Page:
edited September 2012
    You will either quickly learn this, or you will find that three days have passed and you spent 90% of them sitting in line: the Exhibition Hall is cool, but don't get expect to see what you want to see.

    In 2011, the line for Star Wars: The Old Republic, had a wait for five hours. I went as fast as I could the second the Hall opened on Sunday morning without running (running is bad, do not run), and still had a 3-4 hour wait. In 2012, Borderlands 2 had a 4-6 hour wait. The bottom line is that the AAA titles that everyone wants to play result in huge, likely boring lines for maybe 15-60 minutes of game time. That's a goddamn waste of your time and money, so I would curb your enthusiasm for seeing whatever big ticket title is going to be appearing next March.

    The Hall is still great though: you can find a lot of upcoming indie titles that you probably wouldn't have otherwise noticed. And really: you are going to buy that multi-million dollar game from Big Publisher anyways, so why not stay on the lookout for awesome titles that don't have millions to get your attention? You also tend to get to talk directly with the devs, who are hungry artists eager to listen to your feedback. I cannot say how cool it is to spend a half hour or so shooting the breeze with something who making the game and very enthusiastic about their craft. You aren't generally going to get that with the big brand titles.

    There's also other neat stuff like board games and stuff. Just don't make the mistake of spending all your time at the Exhibition Hall. There is so much more to PAX than that.

    Bobkins Flymo on
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    LexiconGrrlN13
  • zerzhulzerzhul Old General Registered User, Super Moderator, Moderator, SolidSaints Zerzhul mod
    Rorus Raz wrote: »
    You will either quickly learn this, or you will find that three days have passed and you spent 90% of them sitting in line: the Exhibition Hall is cool, but don't get expect to see what you want to see.

    In 2011, the line for Star Wars: The Old Republic, had a wait for five hours. I went as fast as I could the second the Hall opened on Sunday morning without running (running is bad, do not run), and still had a 3-4 hour wait. In 2012, Borderlands 2 had a 4-6 hour wait. The bottom line is that the AAA titles that everyone wants to play result in huge, likely boring lines for maybe 15-60 minutes of game time. That's a goddamn waste of your time and money, so I would curb your enthusiasm for seeing whatever big ticket title is going to be appearing next March.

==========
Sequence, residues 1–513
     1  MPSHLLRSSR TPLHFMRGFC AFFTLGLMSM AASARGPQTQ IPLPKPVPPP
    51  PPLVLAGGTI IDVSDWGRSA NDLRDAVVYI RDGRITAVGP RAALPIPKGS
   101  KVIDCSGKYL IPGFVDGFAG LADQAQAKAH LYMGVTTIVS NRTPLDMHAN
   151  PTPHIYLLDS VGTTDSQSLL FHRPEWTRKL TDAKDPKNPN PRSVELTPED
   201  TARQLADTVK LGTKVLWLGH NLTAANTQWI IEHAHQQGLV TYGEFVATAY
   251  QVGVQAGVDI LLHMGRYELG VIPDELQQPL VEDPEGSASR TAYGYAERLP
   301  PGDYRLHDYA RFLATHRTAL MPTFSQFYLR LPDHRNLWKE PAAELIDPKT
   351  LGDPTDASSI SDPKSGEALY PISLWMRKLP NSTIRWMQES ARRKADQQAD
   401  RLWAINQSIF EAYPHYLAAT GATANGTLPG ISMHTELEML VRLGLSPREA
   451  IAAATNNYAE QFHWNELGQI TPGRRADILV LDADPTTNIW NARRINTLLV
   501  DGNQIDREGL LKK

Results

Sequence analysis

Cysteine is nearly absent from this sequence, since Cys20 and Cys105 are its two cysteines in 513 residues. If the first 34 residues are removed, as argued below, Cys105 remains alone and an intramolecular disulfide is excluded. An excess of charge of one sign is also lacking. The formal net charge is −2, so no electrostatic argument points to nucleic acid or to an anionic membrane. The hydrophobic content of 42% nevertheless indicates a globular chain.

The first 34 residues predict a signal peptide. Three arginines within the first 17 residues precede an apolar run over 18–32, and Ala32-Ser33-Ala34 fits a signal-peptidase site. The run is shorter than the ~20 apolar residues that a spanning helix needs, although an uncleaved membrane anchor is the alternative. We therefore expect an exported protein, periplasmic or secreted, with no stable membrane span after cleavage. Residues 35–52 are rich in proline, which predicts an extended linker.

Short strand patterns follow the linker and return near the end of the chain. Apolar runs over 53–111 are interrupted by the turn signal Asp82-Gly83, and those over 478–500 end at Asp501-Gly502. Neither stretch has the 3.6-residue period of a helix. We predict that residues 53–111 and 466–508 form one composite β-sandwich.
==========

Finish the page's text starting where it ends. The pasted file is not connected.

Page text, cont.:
The Hall is still great though: you can find a lot of upcoming indie titles that you probably wouldn't have otherwise noticed. And really: you are going to buy that multi-million dollar game from Big Publisher anyways, so why not stay on the lookout for awesome titles that don't have millions to get your attention? You also tend to get to talk directly with the devs, who are hungry artists eager to listen to your feedback. I cannot say how cool it is to spend a half hour or so shooting the breeze with something who making the game and very enthusiastic about their craft. You aren't generally going to get that with the big brand titles.

    There's also other neat stuff like board games and stuff. Just don't make the mistake of spending all your time at the Exhibition Hall. There is so much more to PAX than that.

    I love being able to go up to Indie devs and discussing their game with the actual developers instead of marketing representatives; it's my favorite part of the expo hall. I also know people who totally think it's worth it to wait in the lines for the AAA titles ;) I would also warn against those lines, but hey without them maybe the Indie lines wouldn't be as short and easy.

  • Romanian My EscutcheonRomanian My Escutcheon Two of Forks Registered User regular
    It's worth mentioning that between riding the T, interacting with hundreds of complete strangers, and hanging out in Boston's brisk spring weather, you are at a drastically increased risk for illness at East.

    Obviously bringing your own hand sanitizer is a good way to stymie the risk, but you may also want to stop by your nearest department store/supermarket and pick up some vitamin supplements prior to the event.

    For the low, low cost of ten dollars, I got some hand sanitizer, a bottle of Advil, and a roll of vitamins, all of which served to ensure I came back from East in peak physical condition.

    Those of you who think you are tough shit, you are not. PAX's patented (?) diseases will eat you alive. You will arrive strong and young, and depart as a quivering mass of illness. Do not do this. It sucks for you, and those around you.

    2cf4m6f.gif
  • adias.angeladias.angel Tech-Savvy Wife Kalamazoo, MIRegistered User regular
    Spend some time in the indie showcase area! (And do the passport if they have it again, it was fun talking to all the devs.) It has by far been my favorite part of PAX for both East and Prime.

    Prime 2014 Status: .[] 4-Day Badges .[] Hotel .[] Plane Tickets .[ .] Waiting Patiently .
    Attendee: Prime '12, '13, '14 .. East '12
  • vttymvttym Registered User regular
    Spend some time in the indie showcase area! (And do the passport if they have it again, it was fun talking to all the devs.) It has by far been my favorite part of PAX for both East and Prime.